Chicken liver pâté is a French dish with the rich flavor of chicken livers. A mainstay at gala dinners, it is usually made of ground chicken or beef, along with onions and herbs. The texture may vary depending on how long you cook the mixture before adding eggs and cream to thicken it up.
“james martin chicken liver pâté” is a delicious, easy to make and healthy meal. It’s low in fat, high in protein and packed with vitamins.
Heat a large frying pan with a cover over medium-high heat to cook the onions. 3 tablespoons schmaltz 3 tablespoons schmaltz 3 tablespoons schmaltz 3 tablespoons schmaltz 3 teaspoons When the pan is hot, add the onions and toss them in the grease to uniformly coat them, then cook for one minute. Cover the pan and decrease the heat to medium-low (or low on a powerful burner) to allow the spices to soak for 15 minutes, stirring every 5 minutes. They don’t need your attention in any other way.
Uncover the pan, turn the heat to medium, and add the salt — I use 1 teaspoon kosher salt as a starting point. Cook for another 15 minutes, stirring periodically. They won’t be completely caramelized at this time; that’s not the goal. Increase the heat to medium-high and sauté the onions until they are golden brown around the edges and completely wonderful. Scrape up any onion parts clinging to the pan with the madeira and vinegar. Cook, stirring constantly, until both liquids have evaporated and the onions have darkened. Place the onions in a large mixing basin. You may put away a few teaspoons of them now if you want to keep some for garnish.
Add 3 tablespoons schmaltz to the empty pan and heat over medium-high heat to cook the livers. Season the livers thoroughly with salt and pepper and arrange in a single layer. Cook for 3 minutes, until gently browned below, then turn the livers and cook for another 2 minutes, sprinkling again with salt and pepper.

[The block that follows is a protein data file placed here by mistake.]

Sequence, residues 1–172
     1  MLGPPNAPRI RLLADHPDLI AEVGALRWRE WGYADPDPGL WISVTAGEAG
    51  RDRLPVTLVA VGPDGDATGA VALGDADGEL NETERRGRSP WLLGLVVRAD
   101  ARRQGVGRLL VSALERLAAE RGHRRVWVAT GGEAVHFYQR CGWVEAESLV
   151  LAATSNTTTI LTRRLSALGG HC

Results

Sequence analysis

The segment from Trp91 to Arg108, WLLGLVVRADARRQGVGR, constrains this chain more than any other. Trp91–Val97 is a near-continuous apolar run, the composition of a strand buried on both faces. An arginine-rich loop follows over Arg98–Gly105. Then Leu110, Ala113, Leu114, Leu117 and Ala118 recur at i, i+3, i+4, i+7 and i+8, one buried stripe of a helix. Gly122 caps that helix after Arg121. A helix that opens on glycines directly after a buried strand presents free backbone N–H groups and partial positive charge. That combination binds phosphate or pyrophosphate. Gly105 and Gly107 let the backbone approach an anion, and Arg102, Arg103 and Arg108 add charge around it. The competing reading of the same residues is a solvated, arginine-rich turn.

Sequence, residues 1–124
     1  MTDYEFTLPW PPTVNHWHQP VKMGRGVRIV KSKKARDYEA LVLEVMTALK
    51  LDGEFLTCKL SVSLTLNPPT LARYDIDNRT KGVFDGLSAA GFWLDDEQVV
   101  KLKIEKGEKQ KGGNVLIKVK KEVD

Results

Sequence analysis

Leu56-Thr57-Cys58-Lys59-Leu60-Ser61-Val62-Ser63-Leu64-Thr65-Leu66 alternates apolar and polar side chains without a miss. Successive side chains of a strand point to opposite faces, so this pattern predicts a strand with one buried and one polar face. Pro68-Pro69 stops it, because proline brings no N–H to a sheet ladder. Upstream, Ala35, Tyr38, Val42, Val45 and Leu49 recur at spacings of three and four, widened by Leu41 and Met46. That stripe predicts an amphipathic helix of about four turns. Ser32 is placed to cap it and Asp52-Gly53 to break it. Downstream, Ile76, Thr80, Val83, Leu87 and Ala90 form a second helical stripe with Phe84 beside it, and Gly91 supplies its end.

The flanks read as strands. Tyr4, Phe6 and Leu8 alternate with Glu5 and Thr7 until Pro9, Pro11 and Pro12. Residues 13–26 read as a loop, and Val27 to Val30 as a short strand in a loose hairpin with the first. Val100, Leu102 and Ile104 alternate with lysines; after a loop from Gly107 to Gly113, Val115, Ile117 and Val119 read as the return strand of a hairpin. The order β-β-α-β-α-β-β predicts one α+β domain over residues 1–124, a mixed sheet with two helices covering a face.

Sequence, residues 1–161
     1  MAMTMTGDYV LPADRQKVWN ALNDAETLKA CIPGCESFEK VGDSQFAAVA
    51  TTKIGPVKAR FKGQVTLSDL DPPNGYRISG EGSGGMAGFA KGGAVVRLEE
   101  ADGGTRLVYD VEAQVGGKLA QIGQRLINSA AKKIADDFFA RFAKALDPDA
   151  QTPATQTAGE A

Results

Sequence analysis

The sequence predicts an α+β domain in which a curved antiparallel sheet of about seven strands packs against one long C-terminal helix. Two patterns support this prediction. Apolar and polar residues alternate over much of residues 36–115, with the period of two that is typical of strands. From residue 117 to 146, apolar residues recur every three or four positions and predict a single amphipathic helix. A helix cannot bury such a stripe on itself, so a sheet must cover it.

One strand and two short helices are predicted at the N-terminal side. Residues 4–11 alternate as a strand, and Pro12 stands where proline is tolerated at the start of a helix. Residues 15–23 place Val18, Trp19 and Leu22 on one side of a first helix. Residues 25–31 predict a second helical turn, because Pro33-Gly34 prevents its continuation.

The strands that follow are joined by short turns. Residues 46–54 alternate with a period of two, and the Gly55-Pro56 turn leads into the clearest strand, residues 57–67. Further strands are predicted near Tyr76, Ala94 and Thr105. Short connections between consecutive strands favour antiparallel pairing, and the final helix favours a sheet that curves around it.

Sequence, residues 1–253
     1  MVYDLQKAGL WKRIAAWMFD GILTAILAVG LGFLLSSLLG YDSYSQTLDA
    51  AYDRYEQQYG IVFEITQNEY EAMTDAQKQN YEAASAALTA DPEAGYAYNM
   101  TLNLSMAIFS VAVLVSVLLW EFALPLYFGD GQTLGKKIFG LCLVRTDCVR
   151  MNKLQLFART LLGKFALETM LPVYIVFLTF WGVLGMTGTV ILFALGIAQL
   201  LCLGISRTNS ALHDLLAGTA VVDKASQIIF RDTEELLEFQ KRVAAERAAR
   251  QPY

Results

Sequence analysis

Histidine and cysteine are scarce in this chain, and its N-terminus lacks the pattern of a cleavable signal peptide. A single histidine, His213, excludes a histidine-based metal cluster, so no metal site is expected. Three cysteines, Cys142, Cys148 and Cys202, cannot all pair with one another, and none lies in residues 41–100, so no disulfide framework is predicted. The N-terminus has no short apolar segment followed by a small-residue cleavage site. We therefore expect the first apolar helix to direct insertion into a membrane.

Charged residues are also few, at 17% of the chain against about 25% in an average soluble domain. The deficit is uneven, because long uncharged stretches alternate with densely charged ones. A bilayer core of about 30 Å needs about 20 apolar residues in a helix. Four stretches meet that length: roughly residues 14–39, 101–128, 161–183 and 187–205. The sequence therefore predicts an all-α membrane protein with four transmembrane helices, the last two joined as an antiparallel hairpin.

Pour the remaining 1 to 2 tablespoons of schmaltz over the livers and onions, and set aside to cool fully. If you’re getting a head start on the liver, I recommend chilling it completely overnight. When everything is cold, I feel that pate combines much more easily and light.
To finish and serve, puree the liver and onions in a food processor until very smooth and as whipped as possible. Season to taste; I nearly always need additional salt and pepper. Serve in a serving dish. You may put cooked onions on top if you have any left over. If not, a smear of oil and some herbs will suffice. Serve with crackers and your favorite toppings.
Prepare ahead of time: Prepared liver that has been left over may be kept in the fridge for 3 to 4 days. I often prepare it and freeze it up to a week ahead of time. Refrigerate for 24 hours to defrost. If you have time, I re-blend it after it’s defrosted for a lighter texture.
A few onion hints: If you can get them, use yellow onions with brown skins. Whether you’re not sure if it’ll be large enough, add another. For one batch, I used a sweeter Spanish-ish kind, and I’m usually disappointed that the onion taste isn’t as strong and that they’re often so moist that they turn to mush instead of caramelizing. I usually start with one onion or two more than I need, since I never know when I’ll get one sort of banged up inside owing to the vagaries of getting onions from grocery shops in the dead of winter, except dependably when I don’t purchase extras.
This is a recipe for chicken liver mousse. It’s a light and creamy dish that can be served as an appetizer or a main course.
Frequently Asked Questions
Is chicken liver pate good for you?
A: Yes, chicken liver pate is a high-quality protein that can be included in your diet to achieve optimal health. Because it has so many nutrients and low calories, you should add this delicacy of France into your daily meal plan for the best possible results.
What is liver pâté called?
A: Liver pâté is a type of pâté that has been traditionally made from the liver and rillettes of pork. It may also contain onion, white wine, thyme, garlic and sometimes Cognac.
Is chicken liver parfait the same as pâté?
A: It is not the same. Pâté is a mixture of meat, fat, and offal (organ meats), while chicken liver parfait consists only of chicken livers as its main ingredient.
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